Prepared by Matthew Nice, July 2007
with funding from the sponsors of the Ian Axford (New Zealand) Fellowships in Public Policy
Matthew Nice is a Research Expert at the United Nations Office on Drugs and Crime (UNODC) in Vienna, Austria, specializing in global amphetamine-type stimulant drug markets. Matthew holds a Master’s degree in psychology and more than 10 years experience in drug control issues, working in the United States, New Zealand, and Austria. Prior to joining the UNODC he worked in the United States managing a government research unit evaluating crime and drug policies, monitoring drug and crime-related patterns and trends, and measuring criminal justice and addiction treatment system performance.
During Matthew’s Ian Axford Fellowship exchange to New Zealand he was based at New Zealand Police in Wellington, where he researched changing trends in the purity of New Zealand’s methamphetamine markets and their policy implications.
New Zealand was unprepared for the arrival and fast growth of methamphetamine use. An examination of government policy outcomes upon the methamphetamine market was performed using historical drug purity data. Results found that while a variety of increased enforcement activities have occurred, the market availability and purity of the drug has not diminished. Market purity levels increased from 30% in 2001 to 75% in 2003, and have since remained stable. Precursor chemical controls that target domestic drug manufacture – seen to substantially diminish the methamphetamine markets in the United States – had no measurable impact in New Zealand largely because they were not universally enacted and monitored. Additionally, while drug apprehensions have doubled, the likelihood of conviction has declined and currently those convicted do not face the possibility of legally mandated drug treatment.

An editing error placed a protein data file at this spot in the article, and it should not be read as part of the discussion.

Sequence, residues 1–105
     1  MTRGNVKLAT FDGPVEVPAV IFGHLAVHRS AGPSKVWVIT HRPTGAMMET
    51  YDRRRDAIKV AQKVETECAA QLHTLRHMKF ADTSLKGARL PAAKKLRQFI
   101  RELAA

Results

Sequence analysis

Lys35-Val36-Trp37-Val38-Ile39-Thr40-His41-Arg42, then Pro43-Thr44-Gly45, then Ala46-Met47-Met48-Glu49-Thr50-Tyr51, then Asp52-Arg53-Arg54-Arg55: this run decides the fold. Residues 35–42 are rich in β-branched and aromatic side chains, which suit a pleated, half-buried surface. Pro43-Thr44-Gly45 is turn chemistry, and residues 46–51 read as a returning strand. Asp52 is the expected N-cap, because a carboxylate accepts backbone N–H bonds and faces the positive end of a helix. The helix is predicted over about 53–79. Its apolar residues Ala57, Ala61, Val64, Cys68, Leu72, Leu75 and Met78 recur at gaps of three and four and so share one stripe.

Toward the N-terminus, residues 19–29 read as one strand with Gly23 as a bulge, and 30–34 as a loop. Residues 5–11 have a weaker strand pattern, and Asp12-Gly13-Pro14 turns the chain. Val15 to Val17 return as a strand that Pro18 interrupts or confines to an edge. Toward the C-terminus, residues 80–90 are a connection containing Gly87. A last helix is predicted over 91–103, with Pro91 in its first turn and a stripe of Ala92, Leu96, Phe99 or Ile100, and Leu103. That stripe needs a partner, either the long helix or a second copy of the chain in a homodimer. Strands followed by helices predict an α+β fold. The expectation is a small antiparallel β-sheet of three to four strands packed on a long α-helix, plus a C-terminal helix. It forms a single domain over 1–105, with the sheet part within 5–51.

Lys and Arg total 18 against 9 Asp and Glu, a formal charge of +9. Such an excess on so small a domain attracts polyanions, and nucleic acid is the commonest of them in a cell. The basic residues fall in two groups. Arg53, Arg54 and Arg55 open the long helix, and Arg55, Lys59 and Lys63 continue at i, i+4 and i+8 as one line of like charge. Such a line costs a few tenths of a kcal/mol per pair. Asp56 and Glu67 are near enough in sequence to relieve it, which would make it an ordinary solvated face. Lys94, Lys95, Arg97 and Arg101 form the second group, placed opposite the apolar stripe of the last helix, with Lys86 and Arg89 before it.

The government has several opportunities to significantly reduce the country’s methamphetamine market availability and better prepare the country for future drug threats. These include creating a national drug monitoring program, adopting drug market availability outcome measures, improving prosecution outcomes, and developing the infrastructure to force drug offenders into appropriate treatment. For all recommendations, close monitoring and regular reporting on the results of the investments would be essential.
Appendix A: Methamphetamine Action Plan 2003
Appendix B: Key dates in New Zealand drug policy
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